Robin Saffir, MA, National Certified Counselor
What is the concept of attachment?
Attachment refers to the emotional bond that connects an individual to something or someone—a friend, family member, or partner. The psychological theory of attachment (John Bowlby and Mary Ainsworth) identifies four styles of attachment, and most people fall into one of these four categories.
How do attachment styles impact me?
Understanding your attachment style, and your partner’s will help you better communicate your needs and recognize the needs of your partner.
What are the ways in which my attachment style impacts my life?
Your attachment style influences the way you connect and relate in intimate relationships. Moreover, the ways in which you react and respond to conflict, the expectations you have of yourself and your partner within the context of your relationship, and your willingness/ability to communicate with your partner, are all informed by your attachment style.
Four Attachment Styles
- “I do not find it difficult to trust or depend on others. While I like to feel independent, I am comfortable with the give and take of depending on others and having them depend on me. I may have moments of insecurity, but I do not often think or worry about being abandoned”.
- Comfortable with vulnerability, embraces conflict in a constructive manner, enjoys togetherness and independence, open and attuned to needs of self and partner, requires understanding and open communication.
- “I find it difficult to trust others and therefore do not like depending on anyone else. Please do not depend on me. It is important that I feel self-sufficient, otherwise I will feel smothered and pull away”.
- Dismissive, emotionally unavailable, equates intimacy with a loss of independence, requires understanding for needs regarding alone time and personal space
- “I am worried that without my partner I will not be okay. While I crave intimacy and closeness, I never quite feel like I’m getting enough from my partner. My ultimate fear is that my partner doesn’t value me and will ultimately abandon me”.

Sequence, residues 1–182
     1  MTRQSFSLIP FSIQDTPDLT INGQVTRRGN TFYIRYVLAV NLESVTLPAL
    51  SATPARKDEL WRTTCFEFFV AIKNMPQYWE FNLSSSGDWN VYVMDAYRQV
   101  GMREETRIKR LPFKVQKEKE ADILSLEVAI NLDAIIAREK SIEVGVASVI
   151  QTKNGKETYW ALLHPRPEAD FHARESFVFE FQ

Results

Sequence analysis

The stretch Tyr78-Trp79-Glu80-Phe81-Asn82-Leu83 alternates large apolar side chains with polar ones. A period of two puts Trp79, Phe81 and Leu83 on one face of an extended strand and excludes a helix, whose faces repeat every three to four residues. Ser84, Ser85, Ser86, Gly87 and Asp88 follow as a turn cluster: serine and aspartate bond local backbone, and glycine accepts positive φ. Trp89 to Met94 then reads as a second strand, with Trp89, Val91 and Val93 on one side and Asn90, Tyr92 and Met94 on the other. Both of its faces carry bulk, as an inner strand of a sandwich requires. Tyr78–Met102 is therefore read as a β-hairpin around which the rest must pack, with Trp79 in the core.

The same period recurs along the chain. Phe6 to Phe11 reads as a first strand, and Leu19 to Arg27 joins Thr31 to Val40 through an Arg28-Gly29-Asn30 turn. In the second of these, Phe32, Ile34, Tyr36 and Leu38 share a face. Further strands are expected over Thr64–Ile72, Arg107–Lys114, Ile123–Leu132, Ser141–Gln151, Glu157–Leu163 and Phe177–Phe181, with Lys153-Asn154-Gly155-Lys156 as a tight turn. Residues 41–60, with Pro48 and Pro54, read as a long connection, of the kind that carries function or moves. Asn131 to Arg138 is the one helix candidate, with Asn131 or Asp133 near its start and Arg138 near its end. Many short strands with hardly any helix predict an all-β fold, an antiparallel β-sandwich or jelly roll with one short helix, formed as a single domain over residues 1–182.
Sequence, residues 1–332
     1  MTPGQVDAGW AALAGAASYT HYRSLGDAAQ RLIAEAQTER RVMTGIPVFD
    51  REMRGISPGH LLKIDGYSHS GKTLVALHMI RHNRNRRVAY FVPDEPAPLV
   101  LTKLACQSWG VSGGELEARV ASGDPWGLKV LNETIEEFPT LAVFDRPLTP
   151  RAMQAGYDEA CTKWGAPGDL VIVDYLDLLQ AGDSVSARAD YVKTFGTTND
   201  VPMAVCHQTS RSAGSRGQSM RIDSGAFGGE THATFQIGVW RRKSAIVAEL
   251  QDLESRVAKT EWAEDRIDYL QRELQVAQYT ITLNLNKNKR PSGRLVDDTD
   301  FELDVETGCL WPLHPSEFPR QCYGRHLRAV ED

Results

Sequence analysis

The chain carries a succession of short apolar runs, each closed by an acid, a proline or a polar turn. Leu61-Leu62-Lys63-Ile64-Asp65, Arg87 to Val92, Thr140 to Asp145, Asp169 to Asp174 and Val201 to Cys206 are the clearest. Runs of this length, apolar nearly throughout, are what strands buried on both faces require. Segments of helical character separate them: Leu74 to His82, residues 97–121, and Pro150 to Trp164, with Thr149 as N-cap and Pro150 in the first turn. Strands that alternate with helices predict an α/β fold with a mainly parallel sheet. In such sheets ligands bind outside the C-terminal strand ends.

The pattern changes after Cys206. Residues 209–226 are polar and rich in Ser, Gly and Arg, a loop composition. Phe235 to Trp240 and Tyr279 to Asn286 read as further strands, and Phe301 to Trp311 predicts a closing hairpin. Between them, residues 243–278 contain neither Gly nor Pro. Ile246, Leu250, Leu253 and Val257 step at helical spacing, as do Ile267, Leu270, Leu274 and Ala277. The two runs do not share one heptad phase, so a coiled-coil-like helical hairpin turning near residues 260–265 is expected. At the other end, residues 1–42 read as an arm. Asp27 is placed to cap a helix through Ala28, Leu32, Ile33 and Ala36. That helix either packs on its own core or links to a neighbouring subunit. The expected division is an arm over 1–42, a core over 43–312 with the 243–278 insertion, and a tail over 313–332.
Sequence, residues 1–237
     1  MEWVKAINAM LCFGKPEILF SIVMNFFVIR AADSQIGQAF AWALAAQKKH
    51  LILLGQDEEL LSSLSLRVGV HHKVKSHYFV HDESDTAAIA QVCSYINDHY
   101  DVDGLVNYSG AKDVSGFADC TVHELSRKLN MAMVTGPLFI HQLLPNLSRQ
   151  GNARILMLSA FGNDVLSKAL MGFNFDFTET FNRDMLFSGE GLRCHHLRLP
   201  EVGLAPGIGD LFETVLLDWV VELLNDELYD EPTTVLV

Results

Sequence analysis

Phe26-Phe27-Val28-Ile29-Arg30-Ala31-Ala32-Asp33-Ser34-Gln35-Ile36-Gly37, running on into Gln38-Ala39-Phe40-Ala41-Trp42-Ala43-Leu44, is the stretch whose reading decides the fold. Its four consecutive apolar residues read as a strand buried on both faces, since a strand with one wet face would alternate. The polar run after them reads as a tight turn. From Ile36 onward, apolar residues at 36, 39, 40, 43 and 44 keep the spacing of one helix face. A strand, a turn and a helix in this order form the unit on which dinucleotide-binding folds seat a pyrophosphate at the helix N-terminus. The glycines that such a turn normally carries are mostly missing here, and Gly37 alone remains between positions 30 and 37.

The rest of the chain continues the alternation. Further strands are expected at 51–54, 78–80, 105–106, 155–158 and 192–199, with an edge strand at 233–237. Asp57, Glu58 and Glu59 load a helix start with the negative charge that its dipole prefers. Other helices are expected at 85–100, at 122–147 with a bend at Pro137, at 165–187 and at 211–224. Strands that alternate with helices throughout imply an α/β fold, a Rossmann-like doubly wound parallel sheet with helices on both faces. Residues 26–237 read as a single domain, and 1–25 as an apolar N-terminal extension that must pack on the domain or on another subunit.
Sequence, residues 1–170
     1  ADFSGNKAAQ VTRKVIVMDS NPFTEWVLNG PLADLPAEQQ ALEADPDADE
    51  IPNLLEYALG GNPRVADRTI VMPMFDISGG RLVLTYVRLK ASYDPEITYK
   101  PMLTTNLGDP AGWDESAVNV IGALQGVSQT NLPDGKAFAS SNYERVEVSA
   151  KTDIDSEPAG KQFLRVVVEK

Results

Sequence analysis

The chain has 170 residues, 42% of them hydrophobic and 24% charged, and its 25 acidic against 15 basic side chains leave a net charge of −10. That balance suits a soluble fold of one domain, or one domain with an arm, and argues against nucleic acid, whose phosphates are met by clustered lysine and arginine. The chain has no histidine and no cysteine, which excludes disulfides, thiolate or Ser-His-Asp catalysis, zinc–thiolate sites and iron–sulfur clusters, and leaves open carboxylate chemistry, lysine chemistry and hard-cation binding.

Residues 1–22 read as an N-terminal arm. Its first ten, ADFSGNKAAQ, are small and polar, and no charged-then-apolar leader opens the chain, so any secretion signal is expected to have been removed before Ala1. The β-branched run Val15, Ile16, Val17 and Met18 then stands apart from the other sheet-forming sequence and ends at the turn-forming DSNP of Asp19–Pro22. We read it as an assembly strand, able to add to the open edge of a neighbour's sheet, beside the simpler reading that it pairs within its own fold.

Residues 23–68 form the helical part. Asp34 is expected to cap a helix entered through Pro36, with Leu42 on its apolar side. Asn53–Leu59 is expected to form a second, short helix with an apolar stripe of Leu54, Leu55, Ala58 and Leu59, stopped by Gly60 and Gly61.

- Insecure, fear of rejection, highly sensitive, can be experienced as overly emotional, requires reassurance
- “I find it difficult to get close to others because I worry I will ultimately get hurt and feel abandoned”.
- Unresponsive to partner’s emotions, can exhibit antisocial behaviors (lack of remorse/empathy), argumentative, may have prior attachment related traumas that need to be resolved
Why Am I This Way?
According to Attachment Theory, one’s attachment style develops in direct response to the responsiveness of his/her childhood primary caregiver. If your primary caregiver was unresponsive, neglectful, and unavailable, it is likely that you developed an insecure attachment style (avoidant, anxious, or disorganized). That is not your fault. It may not even be the fault of your primary caregiver. This is just information that can help inform what you may need to work on, ultimately giving you the opportunity to develop more compassion for yourself, your partner, and any relational struggles you may be experiencing.
Which of these four categories seem to best describe you? Are you aware of the ways in which your past relationships inform the ways in which you connect intimately with others? This may bring awareness to an area in your life which could benefit from greater support or deep healing.
How would you categorize your partner? Do you feel like you understand who he/she is and why? If not, maybe there is more for you to explore together. After all, vulnerability and intimacy go hand in hand. An open dialogue between two trusting partners can set you on the path towards greater understanding, greater ability to empathize with each other, and ultimately deeper intimacy within your couple bond. Conversely, perhaps you or your partner’s primary attachment figure impacted his/her early childhood bonding in a way that is affecting your relationship today. A greater awareness of these nuances is a powerful tool that will help you navigate your relational experiences and what you may want to explore in therapy.
References and Resources
Bretherton, I. (1992). The origins of attachment theory: John Bowlby and Mary Ainsworth. Developmental psychology, 28(5), 759.
Cassidy, J., & Shaver, P. R. (Eds.). (2002). Handbook of attachment: Theory, research, and clinical applications. Rough Guides.